This bad deed may be a little abstract, but it’s one I think about a lot.
It’s no secret that I’m a ferocious atheist, and I’m ashamed to say that in my youth I took a few conversations about religion a little too far.
When I was around 18, I had a female friend who worshipped me, as though I were a God. To her, I seemed to have an answer to everything, and she could never seem to win any arguments with me.
Over time, to her chagrin, she found that I was just as human as everyone else around her, with my own set of flaws, and this drove her to break up with me several times, though we kept getting back together because of the comfort that came from knowing each other so well. I loved this woman for a very long time – six years, an eternity for a relationship in stasis.
I could never get her to admit that she loved me, because I felt that she both loved and hated me. There was something missing in her life. It was either something I destroyed, or something she perceived I had destroyed.
Though I still believe religion is bound to go the way of the dodo, that its demise is in fact, completely inevitable, but it isn’t really my place to shatter another person’s irrational beliefs. After all, I have my own set of irrational beliefs.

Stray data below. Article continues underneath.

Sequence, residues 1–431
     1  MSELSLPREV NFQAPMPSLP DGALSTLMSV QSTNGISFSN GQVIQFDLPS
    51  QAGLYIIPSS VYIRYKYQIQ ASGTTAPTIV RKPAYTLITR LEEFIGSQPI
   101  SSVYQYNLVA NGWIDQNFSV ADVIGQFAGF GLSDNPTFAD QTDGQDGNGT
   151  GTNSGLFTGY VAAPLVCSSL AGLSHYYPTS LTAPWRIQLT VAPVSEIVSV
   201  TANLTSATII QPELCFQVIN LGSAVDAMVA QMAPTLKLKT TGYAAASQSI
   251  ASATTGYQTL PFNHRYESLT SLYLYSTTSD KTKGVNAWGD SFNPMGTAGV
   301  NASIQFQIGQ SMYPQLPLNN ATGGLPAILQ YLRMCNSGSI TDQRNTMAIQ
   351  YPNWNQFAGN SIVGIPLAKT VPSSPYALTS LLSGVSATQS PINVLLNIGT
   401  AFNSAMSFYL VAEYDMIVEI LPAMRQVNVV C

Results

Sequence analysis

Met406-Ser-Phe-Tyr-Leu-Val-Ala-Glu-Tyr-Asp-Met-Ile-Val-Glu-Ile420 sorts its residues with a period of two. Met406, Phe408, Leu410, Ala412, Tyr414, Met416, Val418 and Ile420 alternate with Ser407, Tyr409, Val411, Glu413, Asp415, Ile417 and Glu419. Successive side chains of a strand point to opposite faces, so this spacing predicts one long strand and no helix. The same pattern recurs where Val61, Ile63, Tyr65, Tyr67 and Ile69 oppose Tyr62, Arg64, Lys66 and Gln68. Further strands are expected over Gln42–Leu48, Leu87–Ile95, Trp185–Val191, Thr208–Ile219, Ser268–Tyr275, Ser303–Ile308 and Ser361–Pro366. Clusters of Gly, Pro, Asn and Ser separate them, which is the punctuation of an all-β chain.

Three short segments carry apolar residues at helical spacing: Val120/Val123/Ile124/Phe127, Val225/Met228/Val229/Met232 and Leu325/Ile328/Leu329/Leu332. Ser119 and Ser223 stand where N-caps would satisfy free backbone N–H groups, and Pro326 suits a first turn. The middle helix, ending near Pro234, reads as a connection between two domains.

Many people are far too frightened by the thought of a world with no greater intelligence, no afterlife, and no inherent meaning to their existence. That life would be too lonely for these people. I believe all people need connectivity to a certain extent.
What I think I’m guilty of in her case was intellectual bullying, something she then turned about and did to countless other people. So, I think I may have turned one of my ex-girlfriends into an intellectual bully. I’ve turned her into one of the most critical people I know, and now she thinks she’s a natural born critic, but she’s not.
This girl came to me as an open book, and I was very rough with her.